Below is a brief run-down of the Japanese calendar to give you an idea of what you can expect to see and experience when you visit. A more detailed events calendar for Tokyo can be found here.
New Year is the biggest seasonal holiday on the Japanese calendar, and many Japanese travel back to their hometowns to spend time with family. With about 70% of its population born outside, this exodus impacts the capital city the most and its streets are relatively quiet over New Year. For the Shinto shrines, however, it is the busiest time of the year as people flock to their gates for hatsumode (the first prayers of the year). From midnight, major Shinto shrines like Meiji shrine see tens of thousands of visitors line up in the cold for hours to pray for a prosperous year. While this can be a memorable experience for foreign visitors, the city generally remains quiet until the 4-5 January when office workers return to the realities of life.
Other notable events in January include Coming of Age Day (seijun no hi) on the second Monday of January, when young people who turned 20-years-old the previous year head to the city halls to celebrate their leap to adulthood—and the trains and streets suddenly fill with girls in their kimono. The first of the three sumo honbansho tournaments is also held over a two-week period in the middle of the month
February is typically the coldest month of the year, but also one of the driest. If you don’t mind the cold, then it’s a good time to visit the city. Not only are the skies a beautiful azure blue, but February is well and truly off-peak season and so you might be able to get a good deal on flight and hotels.
The temperature starts to rise and winter ends with the blossoming of, first, the plum trees, and then the cherry blossoms—the biggest seasonal event on the calendar. The pageantry of the delicate pink blossoms starts in the south and gradually makes it way up to the northern island of Hokkaido over the course of a month from mid-March. The flowers bloom in Tokyo towards the end of March and last for 2-3 weeks, although they are in full bloom for only half of that. The Japanese certainly know how to make the most of their fleeting visit: sake-dowsed picnics in the park, night illuminations at the parks and rivers—not to mention the daily media updates that let the populace know of the percentage of the bloom and the bests places to see them. While seeing the cherry blossoms is an unforgettable experience, the end of the March and beginning of April is one of the most expensive times to visit the country, but if you’re willing to pay the premium you’ll need to remember to book ahead well in advance (especially in the old capital of Kyoto, hotel rooms are like gold dust).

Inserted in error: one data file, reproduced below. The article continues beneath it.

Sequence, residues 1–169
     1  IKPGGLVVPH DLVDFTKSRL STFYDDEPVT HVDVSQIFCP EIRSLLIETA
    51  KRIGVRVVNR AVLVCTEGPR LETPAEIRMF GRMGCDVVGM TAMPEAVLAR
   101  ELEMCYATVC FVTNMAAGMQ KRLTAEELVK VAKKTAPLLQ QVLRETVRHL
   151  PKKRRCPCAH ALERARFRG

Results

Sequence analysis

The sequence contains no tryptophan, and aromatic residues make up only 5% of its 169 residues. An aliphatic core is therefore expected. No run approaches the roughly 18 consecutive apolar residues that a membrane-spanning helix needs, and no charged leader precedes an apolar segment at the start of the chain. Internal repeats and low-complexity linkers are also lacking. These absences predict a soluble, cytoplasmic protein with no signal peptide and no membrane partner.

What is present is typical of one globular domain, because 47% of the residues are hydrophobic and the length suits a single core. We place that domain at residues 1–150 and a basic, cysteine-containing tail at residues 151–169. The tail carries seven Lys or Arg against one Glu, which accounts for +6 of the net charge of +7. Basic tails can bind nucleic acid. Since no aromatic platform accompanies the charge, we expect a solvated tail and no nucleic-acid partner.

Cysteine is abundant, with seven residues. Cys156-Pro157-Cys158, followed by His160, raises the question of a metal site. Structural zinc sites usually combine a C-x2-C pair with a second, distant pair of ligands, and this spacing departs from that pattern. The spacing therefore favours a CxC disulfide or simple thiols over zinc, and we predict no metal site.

The fervour that temporarily hit the nation slowly subsides with the falling of the cherry blossom petals at the beginning of April. The baseball season kicks off with teams playing each other 5-6 times per week until October, and with the sport followed by over 20 million people up and down the country the atmosphere at venues like Tokyo Dome makes for a great experience.
A string of public holidays at the end of March and beginning of April give rise to “Golden Week”. Many Japanese fill in gaps between weekends with their own company holiday (10 days paid leave is still standard among many companies here so workers need to choose their days wisely) to make for a week-long vacation. Many use this much-cherished break away from the office to go on holiday with families within Japan and abroad, and so hotels and flight price peak during this period. May also has two of Tokyo’s three major festivals—Kanda Matsuri and Sanja Matsuri.
June sees Tokyo’s third major festival—Sanno Matsuri—take place over an 11-day period during the middle of the month, before the rainy season (tsuyu) brings its gloomy skies. The rainy season typically begins in the first half of June and can last until the second half of July. Despite its name, it is better characterised by its grey skies and lack of sunshine (indeed, despite the much shorter days during winter, June and July are still the months that see the least amount of sun). Trudging around the capital in a raincoat because of the constant threat of drizzle is not the way any wants to spend their vacation, and for this reason it may be a period to avoid.